The Runcorn Dragon

In 1821, the writer Heinrich Heine stated: “Where they burn books, they will end in burning human beings." Just over a century afterwards, the Nazis did exactly that. Going centuries back in time, the Apostle Paul supervised the burning of all the ‘strange books’ on the occult at Ephesus, and earlier than this, in 47 BC, we have the most famous general in history, Julius Caesar, burning scrolls of ancient knowledge at the Great Library of Alexandria. In the long history of human stupidity mountains of books and papyrus scrolls containing information on the lost secret wisdom of the ancients have been burned in orgies of insanity, fanaticism and religious fervour. All that remains of some of these incinerated manuscripts of old are legends, transmitted by the spoken word, and the following tale is derived from such folklore.

After the Roman withdrawal from Britain in the 5th Century, there were many invasions. Norsemen, Danes and Saxons arrived in waves on our shores, and in those times of bloodshed and troubles, King Vortigern of Britain fled to Wales during the battles and was later murdered. In the wars that followed, a man named Arthur arose to lead the Britons in battle against the marauding Saxons, Picts and other invaders, and he later became the Over King of Britain. The rest of course, is history. The rise and fall of Camelot, the tragic disbandment of the 150 Knights of the Round Table, and the banishment of Merlin at Alderley Edge in Cheshire. The ‘Once and Future King’ died around 537 AD, and was taken by boat from the Wirral peninsula to the Isle of Man, known to the ancient Celts as Avalon. Wirral at that time was largely a forest, and parts of it were owned by Arthur’s nephew, Sir Gawain.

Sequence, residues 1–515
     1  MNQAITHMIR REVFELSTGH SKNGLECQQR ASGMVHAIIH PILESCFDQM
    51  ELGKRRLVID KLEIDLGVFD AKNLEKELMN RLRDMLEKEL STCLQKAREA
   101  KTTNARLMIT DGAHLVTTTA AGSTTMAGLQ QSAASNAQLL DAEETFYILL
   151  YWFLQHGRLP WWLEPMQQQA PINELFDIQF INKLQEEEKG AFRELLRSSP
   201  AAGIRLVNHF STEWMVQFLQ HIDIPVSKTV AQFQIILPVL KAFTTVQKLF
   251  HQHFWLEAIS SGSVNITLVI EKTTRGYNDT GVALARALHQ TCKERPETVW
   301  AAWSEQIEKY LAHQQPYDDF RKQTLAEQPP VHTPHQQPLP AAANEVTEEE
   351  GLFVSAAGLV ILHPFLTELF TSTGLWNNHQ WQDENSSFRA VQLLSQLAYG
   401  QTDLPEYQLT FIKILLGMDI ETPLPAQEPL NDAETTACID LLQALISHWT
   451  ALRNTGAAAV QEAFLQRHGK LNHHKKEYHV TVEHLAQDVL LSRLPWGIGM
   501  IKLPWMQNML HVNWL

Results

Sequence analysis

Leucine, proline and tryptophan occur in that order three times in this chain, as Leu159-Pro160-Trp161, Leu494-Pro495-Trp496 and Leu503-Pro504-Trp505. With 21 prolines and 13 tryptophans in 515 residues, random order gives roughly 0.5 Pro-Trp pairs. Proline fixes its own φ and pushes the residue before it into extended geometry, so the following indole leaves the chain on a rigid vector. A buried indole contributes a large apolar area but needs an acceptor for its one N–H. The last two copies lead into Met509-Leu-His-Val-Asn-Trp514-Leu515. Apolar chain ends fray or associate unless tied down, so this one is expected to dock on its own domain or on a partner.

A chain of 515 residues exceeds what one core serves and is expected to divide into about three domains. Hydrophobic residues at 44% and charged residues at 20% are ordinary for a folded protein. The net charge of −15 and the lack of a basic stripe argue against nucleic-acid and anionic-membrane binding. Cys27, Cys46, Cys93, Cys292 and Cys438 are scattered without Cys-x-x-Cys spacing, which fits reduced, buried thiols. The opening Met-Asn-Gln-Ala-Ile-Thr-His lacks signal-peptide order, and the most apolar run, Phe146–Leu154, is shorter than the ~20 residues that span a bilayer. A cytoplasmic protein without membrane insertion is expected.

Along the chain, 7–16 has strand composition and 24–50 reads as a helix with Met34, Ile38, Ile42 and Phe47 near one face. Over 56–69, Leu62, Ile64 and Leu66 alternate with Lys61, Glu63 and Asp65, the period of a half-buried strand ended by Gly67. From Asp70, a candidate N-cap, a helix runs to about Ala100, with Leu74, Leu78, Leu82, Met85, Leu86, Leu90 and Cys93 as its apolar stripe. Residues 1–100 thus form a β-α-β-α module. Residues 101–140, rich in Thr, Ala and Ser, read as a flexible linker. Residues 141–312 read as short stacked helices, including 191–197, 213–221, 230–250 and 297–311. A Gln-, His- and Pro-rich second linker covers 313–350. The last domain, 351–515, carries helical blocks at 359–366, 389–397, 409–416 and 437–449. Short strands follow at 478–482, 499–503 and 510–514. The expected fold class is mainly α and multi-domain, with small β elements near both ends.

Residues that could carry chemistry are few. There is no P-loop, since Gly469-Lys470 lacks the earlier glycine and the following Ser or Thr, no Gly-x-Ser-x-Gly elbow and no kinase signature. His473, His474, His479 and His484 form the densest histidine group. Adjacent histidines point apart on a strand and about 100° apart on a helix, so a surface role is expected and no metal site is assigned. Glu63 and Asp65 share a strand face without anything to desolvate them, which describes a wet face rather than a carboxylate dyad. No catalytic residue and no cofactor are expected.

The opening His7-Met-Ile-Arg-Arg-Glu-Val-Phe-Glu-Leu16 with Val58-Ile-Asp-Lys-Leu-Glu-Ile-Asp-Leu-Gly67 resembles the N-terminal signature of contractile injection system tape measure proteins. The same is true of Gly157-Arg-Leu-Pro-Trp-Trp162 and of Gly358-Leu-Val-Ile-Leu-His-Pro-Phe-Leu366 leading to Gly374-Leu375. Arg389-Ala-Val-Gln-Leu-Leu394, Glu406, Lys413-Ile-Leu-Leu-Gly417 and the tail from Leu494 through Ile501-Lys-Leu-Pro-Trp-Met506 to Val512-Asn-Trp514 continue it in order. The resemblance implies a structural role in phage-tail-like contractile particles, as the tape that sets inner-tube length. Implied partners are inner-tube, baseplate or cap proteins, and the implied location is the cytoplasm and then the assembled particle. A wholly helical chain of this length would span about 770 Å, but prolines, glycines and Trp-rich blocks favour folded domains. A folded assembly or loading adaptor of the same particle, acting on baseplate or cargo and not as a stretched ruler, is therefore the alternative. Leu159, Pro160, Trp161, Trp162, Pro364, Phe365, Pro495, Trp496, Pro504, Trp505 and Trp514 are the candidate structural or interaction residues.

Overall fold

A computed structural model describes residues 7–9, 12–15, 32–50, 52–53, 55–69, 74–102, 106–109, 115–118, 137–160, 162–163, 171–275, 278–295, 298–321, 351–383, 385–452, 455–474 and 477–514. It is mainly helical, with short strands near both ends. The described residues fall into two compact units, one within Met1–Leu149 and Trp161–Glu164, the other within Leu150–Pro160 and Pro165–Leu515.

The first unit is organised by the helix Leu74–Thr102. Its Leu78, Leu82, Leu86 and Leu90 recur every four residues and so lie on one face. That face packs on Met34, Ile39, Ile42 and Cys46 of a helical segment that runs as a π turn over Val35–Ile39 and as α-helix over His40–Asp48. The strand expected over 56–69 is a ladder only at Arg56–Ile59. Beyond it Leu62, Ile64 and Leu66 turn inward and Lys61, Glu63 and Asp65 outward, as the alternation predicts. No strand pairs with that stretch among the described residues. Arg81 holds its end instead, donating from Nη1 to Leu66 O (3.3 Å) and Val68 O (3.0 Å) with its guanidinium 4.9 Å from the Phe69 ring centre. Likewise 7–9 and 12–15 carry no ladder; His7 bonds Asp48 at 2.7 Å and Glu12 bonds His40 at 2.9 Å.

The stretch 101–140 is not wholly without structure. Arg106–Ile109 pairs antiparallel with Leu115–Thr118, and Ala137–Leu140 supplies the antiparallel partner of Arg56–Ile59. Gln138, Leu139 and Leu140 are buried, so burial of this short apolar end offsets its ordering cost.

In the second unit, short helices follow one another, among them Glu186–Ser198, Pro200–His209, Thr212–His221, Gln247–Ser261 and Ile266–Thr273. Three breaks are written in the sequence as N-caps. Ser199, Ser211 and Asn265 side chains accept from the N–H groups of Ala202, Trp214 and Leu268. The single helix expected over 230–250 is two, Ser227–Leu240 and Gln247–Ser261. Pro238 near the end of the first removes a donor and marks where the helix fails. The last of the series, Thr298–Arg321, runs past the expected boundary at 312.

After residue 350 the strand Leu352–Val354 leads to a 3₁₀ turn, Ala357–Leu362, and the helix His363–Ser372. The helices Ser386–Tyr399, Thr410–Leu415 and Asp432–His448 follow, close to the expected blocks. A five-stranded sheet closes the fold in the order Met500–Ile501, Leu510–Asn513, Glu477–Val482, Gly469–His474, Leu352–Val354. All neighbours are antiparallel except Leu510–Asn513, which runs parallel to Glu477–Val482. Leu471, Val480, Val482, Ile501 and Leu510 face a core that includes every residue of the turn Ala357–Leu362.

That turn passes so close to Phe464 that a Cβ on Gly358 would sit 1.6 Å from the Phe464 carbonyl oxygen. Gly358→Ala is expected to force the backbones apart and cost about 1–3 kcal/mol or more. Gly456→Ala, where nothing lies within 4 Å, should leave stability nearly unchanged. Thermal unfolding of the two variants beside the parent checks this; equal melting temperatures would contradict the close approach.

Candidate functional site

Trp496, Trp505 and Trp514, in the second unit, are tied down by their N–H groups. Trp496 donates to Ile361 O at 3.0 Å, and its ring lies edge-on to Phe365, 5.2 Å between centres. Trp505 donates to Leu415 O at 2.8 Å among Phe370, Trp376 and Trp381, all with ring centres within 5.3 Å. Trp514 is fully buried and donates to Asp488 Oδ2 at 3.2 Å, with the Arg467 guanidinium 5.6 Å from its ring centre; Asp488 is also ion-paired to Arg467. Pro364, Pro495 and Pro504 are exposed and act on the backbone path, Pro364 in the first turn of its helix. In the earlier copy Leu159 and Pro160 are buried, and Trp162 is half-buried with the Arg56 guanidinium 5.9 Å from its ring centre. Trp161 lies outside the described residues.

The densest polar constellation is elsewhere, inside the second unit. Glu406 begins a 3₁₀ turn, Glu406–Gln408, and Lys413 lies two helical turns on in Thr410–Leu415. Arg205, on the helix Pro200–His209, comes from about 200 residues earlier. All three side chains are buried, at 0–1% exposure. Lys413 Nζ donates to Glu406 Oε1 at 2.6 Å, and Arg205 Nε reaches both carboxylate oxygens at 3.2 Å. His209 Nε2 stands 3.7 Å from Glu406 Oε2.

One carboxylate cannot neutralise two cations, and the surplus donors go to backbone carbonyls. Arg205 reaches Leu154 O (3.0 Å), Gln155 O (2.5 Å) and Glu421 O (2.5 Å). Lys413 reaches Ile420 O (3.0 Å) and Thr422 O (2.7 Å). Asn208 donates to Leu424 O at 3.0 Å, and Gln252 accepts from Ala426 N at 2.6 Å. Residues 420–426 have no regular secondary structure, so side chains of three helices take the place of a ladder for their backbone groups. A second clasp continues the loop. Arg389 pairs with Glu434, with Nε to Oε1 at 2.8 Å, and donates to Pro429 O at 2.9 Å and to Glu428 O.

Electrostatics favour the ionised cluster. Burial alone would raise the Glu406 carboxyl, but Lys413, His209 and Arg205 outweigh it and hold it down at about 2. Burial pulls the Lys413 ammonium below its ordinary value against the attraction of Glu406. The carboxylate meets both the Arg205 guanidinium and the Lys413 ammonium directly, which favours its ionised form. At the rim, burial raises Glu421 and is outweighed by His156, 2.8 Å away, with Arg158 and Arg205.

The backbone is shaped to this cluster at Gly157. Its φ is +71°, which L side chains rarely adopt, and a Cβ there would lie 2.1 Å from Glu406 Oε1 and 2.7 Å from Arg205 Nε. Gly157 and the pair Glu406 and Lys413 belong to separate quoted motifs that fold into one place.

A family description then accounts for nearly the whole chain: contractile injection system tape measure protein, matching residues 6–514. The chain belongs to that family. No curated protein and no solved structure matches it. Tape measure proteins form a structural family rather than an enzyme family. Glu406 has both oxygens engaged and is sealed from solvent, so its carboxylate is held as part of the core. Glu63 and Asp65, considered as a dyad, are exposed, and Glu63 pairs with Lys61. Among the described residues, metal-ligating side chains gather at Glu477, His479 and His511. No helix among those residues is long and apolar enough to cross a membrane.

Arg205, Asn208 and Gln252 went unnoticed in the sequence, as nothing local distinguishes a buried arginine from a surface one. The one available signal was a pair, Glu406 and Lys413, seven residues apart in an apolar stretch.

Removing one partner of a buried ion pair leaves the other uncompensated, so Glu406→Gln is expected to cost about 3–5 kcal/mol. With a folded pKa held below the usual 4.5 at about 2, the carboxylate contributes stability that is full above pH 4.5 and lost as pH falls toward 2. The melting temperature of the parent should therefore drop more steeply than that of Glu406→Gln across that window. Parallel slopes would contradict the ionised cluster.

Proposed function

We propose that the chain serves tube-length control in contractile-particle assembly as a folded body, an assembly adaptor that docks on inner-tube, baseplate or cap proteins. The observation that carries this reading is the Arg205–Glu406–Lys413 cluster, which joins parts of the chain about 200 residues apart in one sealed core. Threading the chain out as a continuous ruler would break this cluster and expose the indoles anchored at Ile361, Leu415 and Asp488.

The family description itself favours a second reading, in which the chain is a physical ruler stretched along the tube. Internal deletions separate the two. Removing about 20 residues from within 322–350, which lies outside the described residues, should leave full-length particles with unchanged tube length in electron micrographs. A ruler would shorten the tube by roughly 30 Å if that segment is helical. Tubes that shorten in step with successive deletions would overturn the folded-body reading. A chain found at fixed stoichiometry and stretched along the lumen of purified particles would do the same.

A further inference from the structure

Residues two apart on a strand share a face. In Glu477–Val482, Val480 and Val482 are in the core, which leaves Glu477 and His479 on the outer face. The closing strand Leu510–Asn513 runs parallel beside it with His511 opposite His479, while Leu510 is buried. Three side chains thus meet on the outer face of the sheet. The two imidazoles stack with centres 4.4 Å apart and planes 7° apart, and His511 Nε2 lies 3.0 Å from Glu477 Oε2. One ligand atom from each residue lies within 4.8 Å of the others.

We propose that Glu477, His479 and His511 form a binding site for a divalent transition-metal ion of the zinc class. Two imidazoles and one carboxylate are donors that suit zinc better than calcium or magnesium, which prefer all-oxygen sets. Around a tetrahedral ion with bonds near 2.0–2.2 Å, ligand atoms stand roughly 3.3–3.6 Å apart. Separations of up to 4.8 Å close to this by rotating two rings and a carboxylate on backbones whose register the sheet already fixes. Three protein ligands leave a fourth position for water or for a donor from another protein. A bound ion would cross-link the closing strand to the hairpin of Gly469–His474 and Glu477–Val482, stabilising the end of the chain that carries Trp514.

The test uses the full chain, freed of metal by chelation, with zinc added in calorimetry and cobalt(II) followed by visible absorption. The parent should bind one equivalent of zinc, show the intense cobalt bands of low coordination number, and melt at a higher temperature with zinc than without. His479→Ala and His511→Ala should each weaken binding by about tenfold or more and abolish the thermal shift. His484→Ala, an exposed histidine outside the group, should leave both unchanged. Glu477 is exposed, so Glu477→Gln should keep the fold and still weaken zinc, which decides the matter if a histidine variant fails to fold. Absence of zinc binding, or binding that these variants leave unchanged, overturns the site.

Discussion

When the boat returned from Avalon, one of the pallbearers, a mystical Mercian knight named Jareen was summoned to a village close to where modern Runcorn now exists. Some accounts say it was the village of Cuerdley. A dragon known as the Morgawr (pronounced "Morgwah") was terrorising the villagers and carrying off sheep and cattle to a cave on the banks of the Mersey.
Sir Jareen and his faithful muscular Great Dane Brennos – who wore spiked armour - arrived at the village he found a farmstead ablaze and the blackened charred corpses of soldiers who had tried to fight Morgawr scattered about. Sir Jareen got farmers to dig a hole in a field near to the village, and close to the pit, five sheep were tethered to a post. The rest of the cattle and sheep of the village were hidden in a nearby wood. The hole was covered with a lattice of wooden slats and canvas, and Sir Jareen hid beneath it in his full battle armour and double-edged sword at the ready.
As the sun was setting, an ominous silhouette appeared in the sky, and although it was some distance away, the flapping of its wings was evident. It was the Morgawr, and within the minute it was circling the village, uttering dreadful cries and blasting the air with foul-smelling gouts of methane flame. People barricaded themselves indoors. The dragon spied the drove of sheep and dived through the air to seize them. Jareen felt the ground shake, and he pulled away the canvas and saw he was beneath the belly of the beast. He rammed the sword repeatedly into the Morgawr and its groans were deafening. Thick blood filled the pit and Jareen was almost drowned, but he managed to squeeze past the scaly underside of the dragon. His armoured Great Dane, Brennos, was savaging the head of the dragon, while torrents of flame narrowly missed the surviving sheep and incinerated trees. Sir Jareen thrust his sword between the Morgawr’s eyes and the flames ceased and the creature died. A cheer went up from the villagers, and Sir Jareen and Brennos were soon on the road again, in search of other adventures.




©Tom Slemen 2006. First published in the Liverpool Echo 11 February 2006.